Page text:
Poisonous seeds

For most Australians, the European Constitution is a boring subject of conversation. A long way from Schapelle Corby, Cornelia Rau, or even the proposed industrial relations legislation. But for those with a feel for European or Australian history, the rejection of the constitution in France and the Netherlands is deeply concerning.

The constitution carries forward a project born out of the great wars of the 20th century. In these many Australians also died. The founders of the project proposed an ideal of cultural and economic union in Europe, hoping this would mute the national rivalries and hostilities which fed catastrophic wars. In the referenda, national antipathies to immigrants, asylum seekers and communities that were ethnically or religiously distinctive, proved stronger than the vision of unity.

Most financial and political leaders in Europe had supported the constitution. They believed that it would extend the reach of economic globalisation. Yet the philosophy that underpins economic globalisation also provokes the kind of popular rejection of cultural accommodation that we have seen in France and the Netherlands.

Economic theory offers us the image of self-reliant individuals who compete in order to advance themselves. The success of the system is measured by increased individual wealth and national economic growth. In this image, groups which offer support to individuals in their economic welfare and advocate policies that minimise competition or criticise government policy have no place. They stand between the government or the corporation and the individual. In an ideal world, national boundaries that protect citizens from foreign competition would also be abolished.

At the core of this image, however, are the seeds that will poison it. Competitive, self-reliant individuals whose overriding goal is financial advancement learn not to trust strangers. When they themselves are not winning in competition, they readily believe that strangers are competing unfairly. They develop a distaste for generous visions of unity and of a shared good. They judge policies by the single criterion of their own self-interest and that of people like themselves.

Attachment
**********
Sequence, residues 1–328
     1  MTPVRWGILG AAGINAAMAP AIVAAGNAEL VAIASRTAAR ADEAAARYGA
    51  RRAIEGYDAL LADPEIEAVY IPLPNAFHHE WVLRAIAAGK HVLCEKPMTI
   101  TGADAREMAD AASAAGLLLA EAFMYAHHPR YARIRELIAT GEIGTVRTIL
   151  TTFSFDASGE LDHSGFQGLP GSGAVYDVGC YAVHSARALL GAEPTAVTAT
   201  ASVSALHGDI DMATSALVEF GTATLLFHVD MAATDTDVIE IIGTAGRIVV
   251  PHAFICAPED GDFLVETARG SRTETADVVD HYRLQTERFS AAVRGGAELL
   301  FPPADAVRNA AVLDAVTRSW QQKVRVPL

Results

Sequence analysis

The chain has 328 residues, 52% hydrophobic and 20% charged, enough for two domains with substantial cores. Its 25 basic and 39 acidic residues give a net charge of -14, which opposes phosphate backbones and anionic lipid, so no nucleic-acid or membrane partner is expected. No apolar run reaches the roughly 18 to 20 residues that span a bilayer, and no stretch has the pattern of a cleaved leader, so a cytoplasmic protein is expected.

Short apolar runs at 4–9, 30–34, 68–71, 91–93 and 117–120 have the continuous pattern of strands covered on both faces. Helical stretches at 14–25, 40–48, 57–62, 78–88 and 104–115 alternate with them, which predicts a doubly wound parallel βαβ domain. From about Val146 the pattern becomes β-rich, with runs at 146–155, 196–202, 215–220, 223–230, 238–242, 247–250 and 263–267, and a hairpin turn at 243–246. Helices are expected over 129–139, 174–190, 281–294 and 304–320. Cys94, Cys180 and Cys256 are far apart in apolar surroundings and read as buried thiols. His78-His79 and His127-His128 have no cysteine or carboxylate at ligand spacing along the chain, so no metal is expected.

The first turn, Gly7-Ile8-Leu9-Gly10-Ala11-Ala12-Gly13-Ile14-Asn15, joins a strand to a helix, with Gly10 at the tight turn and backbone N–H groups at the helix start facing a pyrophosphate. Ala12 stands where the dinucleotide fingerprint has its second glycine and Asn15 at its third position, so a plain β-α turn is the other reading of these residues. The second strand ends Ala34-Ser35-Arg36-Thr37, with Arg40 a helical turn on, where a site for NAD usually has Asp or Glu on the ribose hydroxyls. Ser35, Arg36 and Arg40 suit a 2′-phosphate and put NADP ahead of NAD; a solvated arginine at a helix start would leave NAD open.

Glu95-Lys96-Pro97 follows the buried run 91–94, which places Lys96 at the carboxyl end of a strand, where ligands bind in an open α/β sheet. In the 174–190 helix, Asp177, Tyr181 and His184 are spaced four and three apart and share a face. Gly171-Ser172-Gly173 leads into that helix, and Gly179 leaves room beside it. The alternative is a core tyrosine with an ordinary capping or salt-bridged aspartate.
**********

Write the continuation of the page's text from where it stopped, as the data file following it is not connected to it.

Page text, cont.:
In the short term, governments feed this suspicion in order to nourish a narrow nationalism and to direct suspicion against groups like asylum seekers, immigrant workers and the economically uncompetitive. But in the longer term, the movement strengthens a narrow and antagonistic identity, and also undercuts the trust that competition itself demands.


Morality is governed by self-interest and a crude calculus of consequences.

The contradiction between economic globalisation and the narrow self-interest it engenders underlies the rejection of the European Constitution. It is also evident in Australia. The government supports the project of economic globalisation by targeting groups like asylum seekers, limiting workers’ protection, encouraging nationalist fervour in sporting contests and historical celebrations, and by limiting the capacity of groups to support their members or to advocate policies based on a principled public morality. These policies corrode the moral sensitivity even of the good. Many argued for the abolition of indefinite detention, for example, on the grounds that Australia no longer faced a flood of unlawful immigrants. As if the goal of border control ever justified the evil means of punishing innocent and needy people. 

The result has been an increasingly sour public rhetoric, a public life without respect for truth, and the targeting of groups that are different. The Schapelle Corby trial has shown how these qualities of Australian public life are mimicked in public opinion. As in Europe, the narrow and antagonistic definition of ‘Australian’ reveals the poverty of economic individualism. It also discloses how economic individualism erodes the more generous moral values on which global economic co-operation finally depends. 

Andrew Hamilton sj is the publisher of Eureka Street.

 

 

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